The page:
By Sam McManis
Published: Sunday, May. 31, 2009 – 12:00 am | Page 2I
Asked to describe the seemingly indescribable, to make real the manifestations of a medical condition that some still doubt even exists, fibromyalgia patients often rely on similes of the most wince-inducing sort.
• “I felt like acid was going through my veins.”
• “It was like a steamroller ran over me.”
• “Fatigue like someone’s pulled out your battery pack.”
• “… as if someone pinged me with a hammer all over my body.”
• “Your (brain) feels like a pinball machine. You’re trying to come up with the word, and the ball bounces around until it finally falls on your tongue.”
• “It feels like death, only worse.”
Can there be any doubt that these people truly are suffering from diffuse, widespread chronic pain with multiple tender spots, enervating fatigue and a host of symptoms that include restless legs, impaired memory and depression?
Despite being recognized as a diagnosable disease by the American College of Rheumatology, the Food and Drug Administration and most insurers, fibromyalgia has not completely shed the stigma of being dismissed as “psychosomatic” by some in the medical establishment.
Controversy swirls even as new FDA-approved medications have shown promise and recent brain imaging research has shown central nervous system changes in those afflicted. The National Fibromyalgia Association, a patient advocacy group, estimates that 10 million Americans suffer from one or more of the multifarious manifestations of the condition.
It is this array of symptoms not linked to specific cause and effect – as opposed to how rheumatoid arthritis can ravage a patient’s joints – that keeps skeptics in mainstream medicine from validating fibromyalgia as a legitimate disease.
Where, exactly, is this deep muscular aching? What’s the cause of that nebulous numbness and dizziness? Why won’t painkillers help? Where are the lab tests that can prove it exists?
Those are the questions that still dog fibromyalgia patients.
“They make you think you’re a hypochondriac or something,” says Jennifer Filbeck, 36, a former restaurant manager from Fairfield who’s been unable to work since 2006. “Doctors treat you like you’re crazy.”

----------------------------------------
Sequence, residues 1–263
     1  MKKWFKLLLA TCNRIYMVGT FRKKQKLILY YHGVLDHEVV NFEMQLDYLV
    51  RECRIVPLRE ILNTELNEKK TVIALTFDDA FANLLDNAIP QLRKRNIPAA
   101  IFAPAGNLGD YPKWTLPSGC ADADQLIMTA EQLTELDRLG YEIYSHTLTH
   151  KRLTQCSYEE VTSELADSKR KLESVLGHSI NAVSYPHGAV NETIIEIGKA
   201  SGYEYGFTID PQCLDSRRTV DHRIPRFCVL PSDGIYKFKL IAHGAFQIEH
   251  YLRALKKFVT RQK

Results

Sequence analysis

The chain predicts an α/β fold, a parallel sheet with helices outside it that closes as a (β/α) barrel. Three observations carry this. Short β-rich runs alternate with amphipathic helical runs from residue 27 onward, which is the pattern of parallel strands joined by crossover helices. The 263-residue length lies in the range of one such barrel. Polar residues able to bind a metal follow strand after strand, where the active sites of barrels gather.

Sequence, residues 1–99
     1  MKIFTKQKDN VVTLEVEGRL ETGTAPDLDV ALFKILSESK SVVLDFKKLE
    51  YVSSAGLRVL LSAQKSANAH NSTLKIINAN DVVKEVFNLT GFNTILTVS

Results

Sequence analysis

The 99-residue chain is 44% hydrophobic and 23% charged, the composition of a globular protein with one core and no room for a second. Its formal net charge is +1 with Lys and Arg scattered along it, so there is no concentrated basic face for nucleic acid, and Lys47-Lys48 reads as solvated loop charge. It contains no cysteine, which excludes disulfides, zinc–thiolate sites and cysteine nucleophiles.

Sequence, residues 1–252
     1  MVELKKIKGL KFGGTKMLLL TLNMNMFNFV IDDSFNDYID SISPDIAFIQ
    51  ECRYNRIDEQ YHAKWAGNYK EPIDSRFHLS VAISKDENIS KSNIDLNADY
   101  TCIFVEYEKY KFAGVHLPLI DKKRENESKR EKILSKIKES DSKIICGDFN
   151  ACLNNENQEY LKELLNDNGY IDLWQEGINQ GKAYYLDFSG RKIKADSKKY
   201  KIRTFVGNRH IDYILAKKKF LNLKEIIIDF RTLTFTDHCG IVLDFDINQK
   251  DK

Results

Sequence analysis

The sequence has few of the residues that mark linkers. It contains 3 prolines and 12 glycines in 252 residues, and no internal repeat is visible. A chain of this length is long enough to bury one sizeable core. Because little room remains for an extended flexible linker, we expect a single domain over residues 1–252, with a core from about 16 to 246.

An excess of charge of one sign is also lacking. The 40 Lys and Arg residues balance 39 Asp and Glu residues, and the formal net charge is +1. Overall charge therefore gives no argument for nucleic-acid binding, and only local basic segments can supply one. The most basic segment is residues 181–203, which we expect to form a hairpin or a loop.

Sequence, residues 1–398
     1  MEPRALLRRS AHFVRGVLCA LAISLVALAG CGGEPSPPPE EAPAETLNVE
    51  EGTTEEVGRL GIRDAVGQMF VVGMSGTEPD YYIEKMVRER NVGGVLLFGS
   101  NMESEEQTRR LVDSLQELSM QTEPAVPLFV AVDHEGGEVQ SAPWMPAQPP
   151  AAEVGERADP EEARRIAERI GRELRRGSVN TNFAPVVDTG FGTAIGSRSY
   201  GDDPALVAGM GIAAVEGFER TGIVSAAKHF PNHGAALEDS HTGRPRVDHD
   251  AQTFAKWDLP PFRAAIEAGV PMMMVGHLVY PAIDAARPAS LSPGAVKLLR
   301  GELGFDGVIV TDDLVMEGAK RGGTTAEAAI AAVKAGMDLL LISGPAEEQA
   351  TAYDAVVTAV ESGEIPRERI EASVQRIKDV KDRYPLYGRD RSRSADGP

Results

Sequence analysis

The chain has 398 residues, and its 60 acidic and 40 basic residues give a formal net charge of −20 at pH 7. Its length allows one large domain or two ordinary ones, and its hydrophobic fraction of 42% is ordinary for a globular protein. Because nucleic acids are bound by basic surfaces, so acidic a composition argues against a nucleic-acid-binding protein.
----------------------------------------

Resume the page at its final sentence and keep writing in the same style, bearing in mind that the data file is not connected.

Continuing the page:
Not crazy per se, critics of the existence of fibromyalgia claim. Their argument: These people suffer from psychological conditions that manifest themselves in vague and hard-to-define physical maladies.
Dr. Frederick Wolfe, who wrote the landmark 1990 paper that first created diagnostic guidelines for fibromyalgia, recently told the New York Times that he now considers it merely a byproduct of depression, stress and social anxiety. Wolfe, head of the National Databank of Rheumatic Diseases, told the paper, “Some of us in those days thought that we had actually identified a disease, which clearly this is not. To make people ill, to give them an illness, was the wrong thing.”
That view is supported by Dr. Nortin Hadler, a rheumatologist and professor at the University of North Carolina. Writing in the Journal of Rheumatology, Hadler states bluntly that fibromyalgia is all in the mind.
“I am suggesting that chronic persistent pain is an ideation, a somatization if you will, that some are inclined toward as a response to living life under a pall, and not vice versa,” he writes. “I am further suggesting that these people choose to be patients because they have exhausted their wherewithal to cope.”
Medical literature has been slow to publish data on fibromyalgia. Recent studies have gone a long way in disputing the claims of Wolfe and Hadler, though researchers still have yet to pinpoint a cause.
A 2008 University of Michigan study showed that fibromyalgia patients exhibited central nervous system abnormalities that resulted in elevated sensitivity to pain and stimuli. The study, however, tested only 31 subjects.
Other research using functional MRI brain scans show increased activity in pain receptors for even minor discomfort among fibromyalgia patients.